Scientists Find Microbes May Play a Key Role in Our Health

ALTudor Editor
  • Most of us like to think of ourselves "clean" and germ-free, but the truth is that only about 1 in every 10 cells in our bodies are...well...ours!  The other nine are made up of bacteria, fungi, viruses, and other kinds of organisms.  Sounds like something straight out of a Halloween movie (or the recent film "Contagion"), doesn't it?  So how do you get rid of these hitchhikers? 

     

    Surprisingly, according to recent research, you don't.  In fact, it's some of our more "sanitary" behaviors that scientists believe may have disrupted the delicate, natural balance of these creatures, perhaps contributing to the sharp rise in such conditions as autism, asthma, obesity, and a number of autoimmune diseases.

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    In an interview with Washington Post reporter Ron Stein, University of Colorado researcher Rob Knight places the study of humans' microbial ecosystem as one of the most promising areas of research for treating diseases, perhaps even as important as stem cells research.  "Everywhere we look," he says, "microbes seem to be involved."

     

    But how do behaviors like hand washing, the use of antibiotics, changes in diet, and C-section deliveries affect these microbes -- and our health -- in a negative way?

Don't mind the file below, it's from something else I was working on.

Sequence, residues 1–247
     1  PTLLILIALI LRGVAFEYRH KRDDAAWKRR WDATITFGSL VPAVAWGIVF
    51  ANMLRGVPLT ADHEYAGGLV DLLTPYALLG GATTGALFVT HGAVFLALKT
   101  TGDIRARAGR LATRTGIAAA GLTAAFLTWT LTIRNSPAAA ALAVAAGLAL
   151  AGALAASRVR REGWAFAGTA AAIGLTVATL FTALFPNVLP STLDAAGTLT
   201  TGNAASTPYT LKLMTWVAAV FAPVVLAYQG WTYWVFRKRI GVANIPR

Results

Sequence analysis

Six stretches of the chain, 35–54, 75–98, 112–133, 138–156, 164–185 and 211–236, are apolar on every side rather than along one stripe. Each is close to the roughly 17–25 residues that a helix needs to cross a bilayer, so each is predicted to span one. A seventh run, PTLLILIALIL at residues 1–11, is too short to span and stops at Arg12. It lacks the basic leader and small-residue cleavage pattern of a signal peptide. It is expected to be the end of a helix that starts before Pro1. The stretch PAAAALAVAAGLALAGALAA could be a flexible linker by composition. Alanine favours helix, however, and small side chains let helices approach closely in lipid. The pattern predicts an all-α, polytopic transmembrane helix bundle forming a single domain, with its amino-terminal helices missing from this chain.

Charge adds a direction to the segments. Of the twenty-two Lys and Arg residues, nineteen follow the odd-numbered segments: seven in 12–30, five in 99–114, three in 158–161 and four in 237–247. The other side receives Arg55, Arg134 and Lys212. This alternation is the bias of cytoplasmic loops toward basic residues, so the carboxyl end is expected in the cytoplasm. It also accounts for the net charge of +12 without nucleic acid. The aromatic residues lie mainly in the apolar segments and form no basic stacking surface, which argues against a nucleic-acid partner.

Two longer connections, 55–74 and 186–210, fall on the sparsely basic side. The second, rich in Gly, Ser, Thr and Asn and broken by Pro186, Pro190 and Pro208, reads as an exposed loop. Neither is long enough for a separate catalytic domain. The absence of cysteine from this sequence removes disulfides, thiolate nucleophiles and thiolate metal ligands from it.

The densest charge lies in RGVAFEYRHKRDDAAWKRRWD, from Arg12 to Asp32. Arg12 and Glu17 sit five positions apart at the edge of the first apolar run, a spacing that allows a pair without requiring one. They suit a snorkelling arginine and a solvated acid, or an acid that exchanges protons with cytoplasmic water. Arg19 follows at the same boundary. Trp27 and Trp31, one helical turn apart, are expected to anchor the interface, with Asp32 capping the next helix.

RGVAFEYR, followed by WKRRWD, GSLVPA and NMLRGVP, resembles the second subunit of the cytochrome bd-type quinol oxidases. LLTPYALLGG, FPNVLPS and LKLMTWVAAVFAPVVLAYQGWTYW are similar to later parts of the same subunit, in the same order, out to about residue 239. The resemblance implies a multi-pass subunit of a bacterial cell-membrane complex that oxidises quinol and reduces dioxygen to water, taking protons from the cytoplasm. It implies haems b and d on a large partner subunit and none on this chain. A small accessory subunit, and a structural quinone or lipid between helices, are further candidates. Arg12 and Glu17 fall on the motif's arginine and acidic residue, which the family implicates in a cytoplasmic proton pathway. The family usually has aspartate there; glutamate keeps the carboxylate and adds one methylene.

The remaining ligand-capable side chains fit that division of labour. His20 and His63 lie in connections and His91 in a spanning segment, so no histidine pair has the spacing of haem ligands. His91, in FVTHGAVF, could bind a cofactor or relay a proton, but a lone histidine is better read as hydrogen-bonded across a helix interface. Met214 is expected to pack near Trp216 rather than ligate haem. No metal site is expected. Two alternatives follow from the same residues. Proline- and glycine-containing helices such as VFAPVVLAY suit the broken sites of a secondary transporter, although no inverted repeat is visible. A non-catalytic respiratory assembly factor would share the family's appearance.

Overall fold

Our accumulation of microbes appears to begin at birth, as babies passing through the birth canal are exposed to -- and take on -- their mother's microbes.  These microscopic passengers then begin guiding such things as brain development, immune system function, digestion, and energy storage. Others fight diseases or aid in the development of helpful "bugs" that protect the body from disease.

     

    What's more, scientists are beginning to understand that though everyone has his or her own personal "mix" of these organisms, there appear to be three basic combinations of these of microbes found in humans. The researchers say which of these three collections a person has may one day be as fundamentally important to understanding the way the body works as his or her blood type.

     

    When we interfere with this microbes through the above behaviors, we throw off this delicate balance and interfere with the positive effects of our personal microbe populations.  Scientists theorize that by trying to help ourselves be more "clean" (inside and out), we're actually leaving ourselves open to health problems.  C-section births stop infants from inheriting their mother's microbes. Antibiotics kill them in the gut and stop their healthful effects. Constant handwashing or the use of cleaning products prevents us from being exposed to microbes that could have benefits once inside the body.

     

    This research is still in its early stages in animal trials, so this doesn't mean that we should all stop washing our hands or should eat foods that aren't safe in an effort to repopulate our systems with these microscopic "friends."  But it is something to consider as you reach for the hand sanitizer or make a decision to have a voluntary C-section delivery. The world's a dirty place, for certain.  But scientists are beginning to discover that it may be that dirty for a very good reason.

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    Sources:  Rob Stein, Washington Post; U.S. Centers for Disease Control; University of Colorado.

Published On: October 11, 2011